Job Security

 

Introduction

Structural changes in the labor market that have occurred over the last few decades have loosened ties between workers and firms. As a result, finding stable employment has become difficult for many individuals. Workers who lose their jobs often lack the skills to secure other employment. Other workers are underemployed, unable to find work that requires their level of education and skills. Still others piece together a livelihood by holding multiple jobs.


Issues

  • What are the trends in worker tenure? Do these trends vary by the characteristics of the workers?
  • How effective are the public job training programs intended to assist dislocated workers?
  • What are the trends in underemployment? Do these trends differ by worker characteristics?
  • What are the implications for families and workers of multiple job holding?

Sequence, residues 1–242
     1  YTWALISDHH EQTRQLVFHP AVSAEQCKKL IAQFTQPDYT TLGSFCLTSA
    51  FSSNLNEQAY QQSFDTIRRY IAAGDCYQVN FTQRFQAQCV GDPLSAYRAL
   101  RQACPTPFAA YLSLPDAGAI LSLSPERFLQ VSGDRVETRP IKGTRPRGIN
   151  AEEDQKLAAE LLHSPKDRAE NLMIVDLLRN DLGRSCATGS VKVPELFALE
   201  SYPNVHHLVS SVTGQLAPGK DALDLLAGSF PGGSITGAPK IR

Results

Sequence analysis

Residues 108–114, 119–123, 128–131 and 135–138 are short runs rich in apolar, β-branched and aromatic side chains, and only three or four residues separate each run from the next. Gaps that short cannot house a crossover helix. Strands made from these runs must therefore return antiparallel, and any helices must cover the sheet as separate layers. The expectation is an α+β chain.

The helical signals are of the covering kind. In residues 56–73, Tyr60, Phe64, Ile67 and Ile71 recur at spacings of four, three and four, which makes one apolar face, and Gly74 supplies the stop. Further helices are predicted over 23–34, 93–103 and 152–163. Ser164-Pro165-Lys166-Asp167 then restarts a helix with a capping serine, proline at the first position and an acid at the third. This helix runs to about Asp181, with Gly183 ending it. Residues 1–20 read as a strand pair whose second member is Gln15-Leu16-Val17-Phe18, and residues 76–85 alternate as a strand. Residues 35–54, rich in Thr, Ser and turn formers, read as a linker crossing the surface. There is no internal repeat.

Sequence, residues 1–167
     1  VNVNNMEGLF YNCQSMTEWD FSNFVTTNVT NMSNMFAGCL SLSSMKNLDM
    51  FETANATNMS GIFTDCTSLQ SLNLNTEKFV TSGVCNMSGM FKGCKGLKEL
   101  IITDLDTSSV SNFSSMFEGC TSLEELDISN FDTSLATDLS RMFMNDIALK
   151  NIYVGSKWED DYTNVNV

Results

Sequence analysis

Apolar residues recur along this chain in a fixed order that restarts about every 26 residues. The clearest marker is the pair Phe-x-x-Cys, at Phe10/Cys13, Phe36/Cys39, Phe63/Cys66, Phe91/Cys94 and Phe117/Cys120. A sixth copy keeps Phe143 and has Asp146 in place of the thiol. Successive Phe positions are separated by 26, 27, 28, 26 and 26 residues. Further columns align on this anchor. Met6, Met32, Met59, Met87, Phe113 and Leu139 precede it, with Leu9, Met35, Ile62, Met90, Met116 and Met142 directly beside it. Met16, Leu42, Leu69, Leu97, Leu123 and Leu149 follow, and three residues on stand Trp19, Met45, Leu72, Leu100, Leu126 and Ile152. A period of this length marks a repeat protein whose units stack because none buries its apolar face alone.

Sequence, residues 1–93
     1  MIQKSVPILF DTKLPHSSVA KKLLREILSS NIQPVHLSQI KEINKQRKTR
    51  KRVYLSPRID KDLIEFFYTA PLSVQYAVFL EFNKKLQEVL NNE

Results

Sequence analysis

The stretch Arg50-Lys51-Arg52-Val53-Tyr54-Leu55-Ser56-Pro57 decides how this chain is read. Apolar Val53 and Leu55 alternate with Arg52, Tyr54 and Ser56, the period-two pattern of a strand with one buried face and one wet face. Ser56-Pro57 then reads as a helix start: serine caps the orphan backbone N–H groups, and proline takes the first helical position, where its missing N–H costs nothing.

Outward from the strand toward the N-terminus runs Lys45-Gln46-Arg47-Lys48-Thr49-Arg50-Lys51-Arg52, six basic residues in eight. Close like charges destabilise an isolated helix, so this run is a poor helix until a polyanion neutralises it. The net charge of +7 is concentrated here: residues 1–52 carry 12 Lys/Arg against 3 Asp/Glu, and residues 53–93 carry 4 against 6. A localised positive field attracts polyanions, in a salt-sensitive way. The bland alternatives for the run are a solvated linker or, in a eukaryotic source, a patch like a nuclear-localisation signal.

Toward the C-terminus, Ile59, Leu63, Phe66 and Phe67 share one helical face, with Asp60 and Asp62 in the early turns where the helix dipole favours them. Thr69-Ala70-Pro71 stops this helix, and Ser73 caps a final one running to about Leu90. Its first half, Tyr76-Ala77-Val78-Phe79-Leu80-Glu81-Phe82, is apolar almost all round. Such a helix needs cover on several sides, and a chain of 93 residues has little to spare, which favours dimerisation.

Selected Institute Research

Employment and Training Policy in the United States during the Economic Crisis
Christopher O’Leary, Upjohn Institute
Randall Eberts, Upjohn Institute
Upjohn Institute Working Paper No. 10-161, November 2009

“Do Temporary-Help Jobs Improve Labor Market Outcomes for Low-Skilled Workers? Evidence from ‘Work First’”
David Autor, MIT
Susan Houseman, Upjohn Institute
American Economic Journal: Applied Economics 2(3): 96-128, 2010

Displacement, Asymmetric Information, and Heterogeneous Human Capital
Luojia Hu, Department of Economics and Institute for Policy Research, Northwestern University
Christopher Taber, Department of Economics and Institute for Policy Research, Northwestern University
Upjohn Institute Working Paper No. 07-136, June 2007

Losing Work, Moving On:International Perspectives on Worker Displacement
Peter J. Kuhn, University of California, Santa Barbara, editor
Upjohn Institute Press, 2003
More Institute Research on Job Security